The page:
With a major snowstorm expected to hit the city tomorrow, the New York City Department of Sanitation (DSNY) has declared a "Snow Alert" and suspended outdoor dining on city streets starting at 2 p.m. on Wednesday.

While restaurants do have to stop serving customers seated in the street at that time, the city says it is not asking that restaurants "remove any barriers or structures for roadway dining." Restaurateurs with street dining will be required to remove or secure any tables and chairs in the roadway, put away all electrical heaters, and "if possible, restaurants should remove any overhead coverings, or regularly remove the snow from overhead coverings until the snow alert ends."

The DSNY estimates that the outdoor street dining closure could last until Thursday night, or possibly even into Friday. The city will notify restaurants when they can reopen for outdoor dining.

Alternate Side Parking regulations will also be suspended on Wednesday and Thursday.

The DSNY say that total accumulations of eight or more inches are possible, though the National Weather Service predicted on Tuesday morning that the city will get around 13 inches over the course of Wednesday and Thursday. The city has only gotten a foot of snow or more in December in five of the last 60 years; the last time was in 2010, when the city got over 20 inches of snow.

The DSNY will use its “brine trucks” to apply liquid salt to some early-to-freeze roads starting Tuesday evening.

Last week, the city issued new guidelines about outdoor dining and snow removal this winter, clarifying when restaurants will or will not be allowed to continue operating in the street during inclement weather. A Winter Operation Advisory will be issued when some snow, ice or winter weather is in the forecast, but is generally under an inch of total accumulation. A Snow Alert will be issued when an inch or more of snow or ice is in the forecast.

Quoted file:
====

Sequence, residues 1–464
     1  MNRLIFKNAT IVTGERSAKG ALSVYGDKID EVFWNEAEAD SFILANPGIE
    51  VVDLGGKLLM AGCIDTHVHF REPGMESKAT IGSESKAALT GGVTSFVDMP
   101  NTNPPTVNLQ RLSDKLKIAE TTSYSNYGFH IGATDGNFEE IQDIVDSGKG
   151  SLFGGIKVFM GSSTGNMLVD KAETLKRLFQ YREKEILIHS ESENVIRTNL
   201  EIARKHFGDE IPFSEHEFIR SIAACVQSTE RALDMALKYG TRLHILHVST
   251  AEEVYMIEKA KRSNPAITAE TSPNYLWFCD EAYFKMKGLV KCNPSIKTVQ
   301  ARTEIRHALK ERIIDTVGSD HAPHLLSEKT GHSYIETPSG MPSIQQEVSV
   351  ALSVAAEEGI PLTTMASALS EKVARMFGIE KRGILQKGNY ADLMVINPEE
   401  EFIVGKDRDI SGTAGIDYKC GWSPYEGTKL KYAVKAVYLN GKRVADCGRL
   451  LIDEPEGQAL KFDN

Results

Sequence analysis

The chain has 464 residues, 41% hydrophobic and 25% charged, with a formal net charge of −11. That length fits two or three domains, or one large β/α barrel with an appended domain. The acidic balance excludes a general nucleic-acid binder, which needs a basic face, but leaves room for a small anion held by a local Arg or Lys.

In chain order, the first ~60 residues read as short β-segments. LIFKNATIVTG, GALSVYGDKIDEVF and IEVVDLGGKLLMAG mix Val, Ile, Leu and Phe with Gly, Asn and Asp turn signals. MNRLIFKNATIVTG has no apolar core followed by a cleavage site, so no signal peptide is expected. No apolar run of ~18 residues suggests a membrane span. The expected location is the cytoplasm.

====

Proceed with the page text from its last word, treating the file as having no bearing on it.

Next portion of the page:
Restaurants can continue to serve food outdoors in the street during a Winter Operation Advisory. Initially, the DSNY said that if 12 inches or more of snow were expected in the forecast, restaurants would be expected to "remove or consolidate structures, including barriers, to take up as little space as possible" in order to facilitate snow removal, but they are not currently being ordered to do so.

At a press conference on Monday, Mayor Bill de Blasio acknowledged that restaurants are operating with a variety of outdoor dining structures, some of which are not easy to disassemble and reassemble.

"We understand each restaurant's in a different situation," de Blasio said. "The best of all worlds is when they have the ability to easily remove what they have built for outdoor dining. For some that's a lot harder than for others. But we also want to be clear that when we expect major snow it's in their interest, in everyone's interest, to clear away as much of their equipment as possible to facilitate the snow cleaning and protect their equipment."

The DSNY previously noted that because there are fewer sanitation workers this year due to pandemic cuts, there will be a decrease in garbage pickup whenever there's major snow: "Remember, the Sanitation Worker who collects trash and recycling is the SAME Sanitation Worker who prepares the equipment and salts and plows streets—and the Department can't do both functions at the same time," they said. "Trash and recycling pickup will be affected as our collection trucks become snow plows—and as plows turn back to collection trucks post-storm."

Also on Monday, Governor Andrew Cuomo directed state agencies to prepare an emergency response to the snowstorm.

"Forecasts are calling for this season's first major snowstorm in the Hudson Valley and points south, so it's once again time for New Yorkers to find their shovels," Cuomo said. "As the exact forecast becomes clearer over the next 24 hours, New Yorkers should not only monitor their local weather reports for updates, but start preparing their homes, their families and themselves for heavy snow as well."

On Monday, indoor dining was officially suspended in New York City as local hospitalization rates continue to climb. Knowing that indoor dining might be placed on pause, restaurants have been scrambling to come up with ways to attract customers to dine outdoors in the colder weather, including trying to get New Yorkers to "think of it like you’re actually going out to tailgate, so dress appropriately."